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The black chokeberry is an ornamental plant from the rose family. The deciduous shrub grows small clusters of flowers and blue-black berries. Its scientific name is Photinia melanocarpa, and it can be found in Eastern North America.
Fast-growing plants, chokeberry shrubs feature green leaves with a red tinge. Small, dark hairs grow down the center of each leaf. Flower clusters, which bloom during the spring, are typically white, and resemble the flowers of a Hawthorn tree. The flowers feature red stamens. The black berries that the plants grow, also known as pomes, arrive in the fall and winter.
As the plants grow, they tend to form a vase-like shape. This ornamental appearance is a favorite decoration in some gardens. During the fall, the plants also feature vibrant red and orange foliage. Self-sowing and multi-stemmed, the shrubs can branch out widely, accounting for a large width capacity for each shrub.
Zones three to eight contain the most optimal growing conditions for the black chokeberry in North America. Sun or partial shade can be used to grow chokeberry shrubs. Dry and wet soil can both foster strong black chokeberry plants, as can rocky terrains. The shrubs are considered hardy plants that can withstand poor soils as well. Chokeberries can grow up to 6 feet (1.8 meters) in height, while flowers grow up to 3/8 inch (1 centimeter) in width.
Outside purposefully planted gardens, black chokeberry shrubs can be found throughout the wild. Wet soils and thickets are two habitats that often feature these ornamental plants in the wild. Dry areas of Eastern North America also often feature the plants. Acid soil that is well-drained usually fosters the largest chokeberry plants.
Black chokeberries are edible and are sometimes sold as juice products, jellies, syrups, and jams. High in antioxidants, the berries are also a rich source of vitamins. Low in fats and calories, they make a healthy snack for dieters. Birds and other animals enjoy the berries and their astringent flavor as well. The red variations are also edible.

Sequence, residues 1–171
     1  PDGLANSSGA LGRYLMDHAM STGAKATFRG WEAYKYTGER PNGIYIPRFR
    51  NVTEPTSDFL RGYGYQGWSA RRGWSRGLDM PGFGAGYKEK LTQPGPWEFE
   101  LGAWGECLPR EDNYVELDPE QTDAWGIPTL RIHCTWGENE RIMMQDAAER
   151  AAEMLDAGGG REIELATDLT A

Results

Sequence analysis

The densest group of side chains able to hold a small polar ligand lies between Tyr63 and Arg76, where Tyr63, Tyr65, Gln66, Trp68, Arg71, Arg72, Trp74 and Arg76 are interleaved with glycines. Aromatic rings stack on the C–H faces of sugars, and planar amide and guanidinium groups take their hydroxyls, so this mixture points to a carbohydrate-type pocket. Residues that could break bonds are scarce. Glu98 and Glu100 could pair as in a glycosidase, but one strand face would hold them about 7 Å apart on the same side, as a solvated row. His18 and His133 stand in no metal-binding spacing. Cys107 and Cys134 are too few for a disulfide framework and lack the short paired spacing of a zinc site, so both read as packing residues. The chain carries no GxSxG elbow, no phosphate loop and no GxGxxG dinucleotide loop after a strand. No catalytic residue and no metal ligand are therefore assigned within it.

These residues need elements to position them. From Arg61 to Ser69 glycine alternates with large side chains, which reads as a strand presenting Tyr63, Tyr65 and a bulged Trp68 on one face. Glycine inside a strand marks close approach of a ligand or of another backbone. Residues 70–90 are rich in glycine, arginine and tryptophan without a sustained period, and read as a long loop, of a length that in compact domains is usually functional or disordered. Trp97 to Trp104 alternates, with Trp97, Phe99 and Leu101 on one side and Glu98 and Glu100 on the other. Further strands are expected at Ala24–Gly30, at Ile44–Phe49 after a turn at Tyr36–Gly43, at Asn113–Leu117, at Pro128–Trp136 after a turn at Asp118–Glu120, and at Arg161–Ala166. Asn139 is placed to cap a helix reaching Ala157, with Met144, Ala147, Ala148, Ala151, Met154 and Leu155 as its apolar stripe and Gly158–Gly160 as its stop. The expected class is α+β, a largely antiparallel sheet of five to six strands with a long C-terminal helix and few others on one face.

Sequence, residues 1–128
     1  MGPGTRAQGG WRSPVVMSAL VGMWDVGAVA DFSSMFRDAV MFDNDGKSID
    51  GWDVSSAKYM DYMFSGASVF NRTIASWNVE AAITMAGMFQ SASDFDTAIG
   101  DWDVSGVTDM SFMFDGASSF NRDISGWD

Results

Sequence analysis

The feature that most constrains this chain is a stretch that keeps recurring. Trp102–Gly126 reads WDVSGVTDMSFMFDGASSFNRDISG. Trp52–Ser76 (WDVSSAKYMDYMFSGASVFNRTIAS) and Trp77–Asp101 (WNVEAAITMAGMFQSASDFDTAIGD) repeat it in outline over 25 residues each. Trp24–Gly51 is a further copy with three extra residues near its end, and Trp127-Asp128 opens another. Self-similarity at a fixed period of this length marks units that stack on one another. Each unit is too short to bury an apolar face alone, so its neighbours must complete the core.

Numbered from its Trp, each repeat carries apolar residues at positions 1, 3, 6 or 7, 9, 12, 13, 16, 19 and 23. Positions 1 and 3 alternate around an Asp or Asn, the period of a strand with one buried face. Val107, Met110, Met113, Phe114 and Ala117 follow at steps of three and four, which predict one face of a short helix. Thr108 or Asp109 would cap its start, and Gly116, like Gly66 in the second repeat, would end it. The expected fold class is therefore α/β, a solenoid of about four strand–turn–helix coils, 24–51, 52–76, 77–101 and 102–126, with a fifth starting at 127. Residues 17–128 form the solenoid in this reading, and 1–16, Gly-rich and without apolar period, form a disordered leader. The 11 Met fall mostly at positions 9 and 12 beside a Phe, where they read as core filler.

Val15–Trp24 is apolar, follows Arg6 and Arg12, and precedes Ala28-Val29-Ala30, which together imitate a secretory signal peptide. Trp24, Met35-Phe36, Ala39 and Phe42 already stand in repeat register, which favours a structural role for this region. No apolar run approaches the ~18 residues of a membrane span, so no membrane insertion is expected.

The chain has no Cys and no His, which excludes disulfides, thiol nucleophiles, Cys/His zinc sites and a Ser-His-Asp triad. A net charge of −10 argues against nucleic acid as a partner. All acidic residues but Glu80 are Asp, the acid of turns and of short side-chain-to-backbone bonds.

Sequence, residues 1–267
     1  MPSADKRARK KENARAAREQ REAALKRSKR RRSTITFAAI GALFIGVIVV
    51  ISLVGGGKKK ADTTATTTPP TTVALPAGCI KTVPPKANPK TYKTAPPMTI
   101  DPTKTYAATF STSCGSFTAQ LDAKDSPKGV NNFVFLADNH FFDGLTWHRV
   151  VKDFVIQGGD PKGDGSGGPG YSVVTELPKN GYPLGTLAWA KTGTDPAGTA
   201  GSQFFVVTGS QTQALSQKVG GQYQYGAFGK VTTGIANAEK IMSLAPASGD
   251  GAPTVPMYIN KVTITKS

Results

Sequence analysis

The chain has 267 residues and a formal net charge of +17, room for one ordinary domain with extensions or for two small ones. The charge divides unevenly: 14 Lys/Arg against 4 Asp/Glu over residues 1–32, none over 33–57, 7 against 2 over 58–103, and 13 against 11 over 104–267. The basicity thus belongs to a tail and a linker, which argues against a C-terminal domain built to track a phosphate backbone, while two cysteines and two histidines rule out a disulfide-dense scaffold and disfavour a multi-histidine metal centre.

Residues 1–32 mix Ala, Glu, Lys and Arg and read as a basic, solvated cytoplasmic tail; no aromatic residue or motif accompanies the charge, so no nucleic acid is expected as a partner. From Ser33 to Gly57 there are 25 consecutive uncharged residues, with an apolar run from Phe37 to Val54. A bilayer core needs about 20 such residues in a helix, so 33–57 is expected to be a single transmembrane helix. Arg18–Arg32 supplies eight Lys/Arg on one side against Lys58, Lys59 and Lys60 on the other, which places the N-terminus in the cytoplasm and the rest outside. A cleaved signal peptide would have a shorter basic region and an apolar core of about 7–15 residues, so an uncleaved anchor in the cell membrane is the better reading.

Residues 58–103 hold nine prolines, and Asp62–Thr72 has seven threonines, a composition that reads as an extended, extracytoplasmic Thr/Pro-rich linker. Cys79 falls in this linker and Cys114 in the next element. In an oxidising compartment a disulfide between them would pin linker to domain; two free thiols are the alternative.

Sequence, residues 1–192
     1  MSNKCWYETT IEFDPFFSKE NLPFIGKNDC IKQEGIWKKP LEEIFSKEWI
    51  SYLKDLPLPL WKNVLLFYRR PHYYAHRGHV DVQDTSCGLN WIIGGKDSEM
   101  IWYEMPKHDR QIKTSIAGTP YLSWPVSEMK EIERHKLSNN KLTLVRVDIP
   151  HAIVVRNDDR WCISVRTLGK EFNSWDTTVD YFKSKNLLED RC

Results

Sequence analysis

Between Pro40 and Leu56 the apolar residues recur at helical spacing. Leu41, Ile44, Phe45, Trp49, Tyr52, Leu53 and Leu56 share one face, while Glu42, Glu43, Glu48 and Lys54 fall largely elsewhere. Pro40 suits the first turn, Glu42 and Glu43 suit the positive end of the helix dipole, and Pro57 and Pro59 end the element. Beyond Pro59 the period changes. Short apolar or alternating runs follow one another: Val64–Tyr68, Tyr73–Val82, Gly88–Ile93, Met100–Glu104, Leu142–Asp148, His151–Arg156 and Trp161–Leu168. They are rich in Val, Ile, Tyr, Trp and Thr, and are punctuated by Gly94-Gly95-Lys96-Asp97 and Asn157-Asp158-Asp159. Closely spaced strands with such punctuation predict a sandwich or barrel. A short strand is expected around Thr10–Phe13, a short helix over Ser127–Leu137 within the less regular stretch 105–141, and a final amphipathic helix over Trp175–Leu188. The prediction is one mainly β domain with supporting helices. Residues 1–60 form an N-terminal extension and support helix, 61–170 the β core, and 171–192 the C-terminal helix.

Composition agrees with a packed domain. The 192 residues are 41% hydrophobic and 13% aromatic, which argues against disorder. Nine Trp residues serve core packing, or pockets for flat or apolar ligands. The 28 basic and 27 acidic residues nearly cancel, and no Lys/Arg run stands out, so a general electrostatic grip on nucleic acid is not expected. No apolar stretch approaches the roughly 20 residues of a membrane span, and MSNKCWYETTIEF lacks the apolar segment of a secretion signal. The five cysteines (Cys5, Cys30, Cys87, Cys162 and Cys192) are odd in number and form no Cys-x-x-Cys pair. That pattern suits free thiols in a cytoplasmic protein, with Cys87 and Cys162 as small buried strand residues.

In Europe, the black chokeberry plant is used in orchards. Many people like to use the shrubs in North America as edge plants. As a hedging border plant, black chokeberry can help prevent erosion. The plants' glossy berries and leaves, tasty culinary applications, and easy growing instructions make them popular garden plants.
Chokeberries are often mistakenly called chokecherries. This is an inaccurate moniker. Chokecherries are actually another species of plant known as Prunus virginiana.
@ysmina-- That's interesting. I have a black chokeberry tree too and the birds here seem to love it. I don't see the fruits hanging on the branches for very long.
I wonder if there are different types of black chokeberries that taste different?
Or maybe some birds enjoy it more than others? We have a lot of robins around here and they eat most of my black chokeberries. Do you know which birds are eating the ones in your yard?
I think that might be an important piece of information who want to adopt and raise black chokeberries for birds.
@ysmina-- I have never made it myself but bought some from an organic store once. I think you can get the juice out of them and then use gelatin to make jelly. I has a really nice, a bit sweet, a bit astringent taste to it. It tastes great on toast with fresh butter.
One of my friends makes homemade soap and I think he mentioned once that he uses black chokeberries to make soap for oily skin. If you're into soap making, that could be another option.
I have black chokeberries in my yard. Birds do like them, but they seem to prefer some other food sources/berries first. I've noticed that in the beginning of the season, the black chokeberries are pretty much ignored by the birds, but they finished them all up a few months later.
I don't know if it's because the chokeberries become sweeter than or if it is just the last food option for birds, but that's how it has been for the last couple of years I've observed them.
I know that black chokeberries are edible, but I've never tried eating them myself. I guess I should take advantage of it and at least try and make some homemade jam or jelly with it.
Anyone have any tips or recipes?
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